Sales Coaching

Having spent 17 years in sales as a rep and then as a sales manager, the nuances of various sales models are learnt & applied. During the tenure as a sales trainer I have been exposed to various sales coaching models-viz-8 step coaching, 4 ‘S’ model,Sir John Whitmore’s GROW and others.

Unleash your sales potential. Plain and simple, that’s what sales coaching is all about. Whether for yourself as an individual, or for your company as whole, you know there is significant untapped sales potential.

Sales coaching can be the difference between knowing significant growth is possible and achieving it.

Coaching in general has grown in popularity in recent years, and for good reason. With the right coach, the right coaching system, and the right coachee, coaching has been the key—time and again—to helping people achieve significant breakthroughs.

Most training efforts fail to reach their objectives, in large part because of the absence of any kind of reinforcement or coaching. In fact, one of the studies conducted indicated that post training, if there was no coaching or reinforcement activity, there was a drop-off of 87% of the knowledge acquired. So why then is it so difficult to do well? The answer lies in the reality of the job of the sales manager. Most sales managers are placed in a position where, in the eyes of senior leadership, reporting numbers is their top priority (even when the top priority should be improving numbers or moreover, improving capability to achieve numbers.) They end up creating graphs, reports, and analysis, all to improve the accuracy of the to-be-reported-forecast. These exercises of examination and review create a false sense of security among sales managers and leaders because they are working under a false assumption. That is, that higher level of supervision creates better results. Ironically, the opposite is true—just ask any sales professional or manager how much time they have spent rolling up forecast data what kind of difference it made in their ability to achieve an objective. I’ll save you the time; the answer is virtually none. So if forecast and numbers management doesn’t quite do the trick, what will? The answer is focused talent development through one on one coaching with sales professionals with their managers. Rather, done well, effective sales coaching replaces many of the counterproductive activities taken on by sales management.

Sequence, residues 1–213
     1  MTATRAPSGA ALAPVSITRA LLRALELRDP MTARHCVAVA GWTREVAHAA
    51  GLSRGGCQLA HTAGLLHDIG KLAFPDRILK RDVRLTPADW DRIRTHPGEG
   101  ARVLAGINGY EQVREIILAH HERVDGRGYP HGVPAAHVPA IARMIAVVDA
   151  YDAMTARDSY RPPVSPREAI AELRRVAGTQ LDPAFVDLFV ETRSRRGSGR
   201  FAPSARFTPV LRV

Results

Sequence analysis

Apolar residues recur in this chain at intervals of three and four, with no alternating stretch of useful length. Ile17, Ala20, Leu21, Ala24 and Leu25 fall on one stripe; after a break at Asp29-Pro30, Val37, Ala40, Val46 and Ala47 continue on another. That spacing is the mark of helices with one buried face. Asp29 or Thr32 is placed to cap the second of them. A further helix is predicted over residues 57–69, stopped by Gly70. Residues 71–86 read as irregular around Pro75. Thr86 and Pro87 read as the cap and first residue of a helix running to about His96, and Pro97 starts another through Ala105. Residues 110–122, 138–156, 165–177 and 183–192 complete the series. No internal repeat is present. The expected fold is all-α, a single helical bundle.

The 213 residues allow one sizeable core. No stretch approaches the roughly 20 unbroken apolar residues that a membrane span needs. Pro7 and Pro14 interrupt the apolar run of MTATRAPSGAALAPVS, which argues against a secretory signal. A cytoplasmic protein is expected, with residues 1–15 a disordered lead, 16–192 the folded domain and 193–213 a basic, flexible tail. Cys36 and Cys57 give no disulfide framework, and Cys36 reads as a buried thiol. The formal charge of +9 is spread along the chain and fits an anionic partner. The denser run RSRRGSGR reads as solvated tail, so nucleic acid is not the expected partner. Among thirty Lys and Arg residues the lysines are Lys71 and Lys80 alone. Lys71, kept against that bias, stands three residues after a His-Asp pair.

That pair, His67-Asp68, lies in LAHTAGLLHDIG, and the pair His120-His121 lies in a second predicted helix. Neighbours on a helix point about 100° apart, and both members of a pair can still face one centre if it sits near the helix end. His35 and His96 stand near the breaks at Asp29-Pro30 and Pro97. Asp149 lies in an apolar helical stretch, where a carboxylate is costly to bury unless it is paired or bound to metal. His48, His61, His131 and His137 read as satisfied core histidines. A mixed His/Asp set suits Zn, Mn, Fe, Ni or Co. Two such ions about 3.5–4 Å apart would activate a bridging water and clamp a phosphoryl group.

Develop a clear line of sight between rep capabilities ,sales actions, sales goals, and business outcomes. As much as I encourage leaders to always focus on the bigger picture, there is a time, and that time is during coaching, to focus on the practical, tactical elements of how you need to execute. Align the sales actions with the sales goals, because, try as we may to manage the outcome, we can only manage the actions and what our sales reps are doing. As a result, if you effectively manage the sales actions of your team, that should naturally lead you to the achievement of your sales goals the majority of the time, (provided they were the right activities.) Doing this time and again ultimately realizes the business outcomes.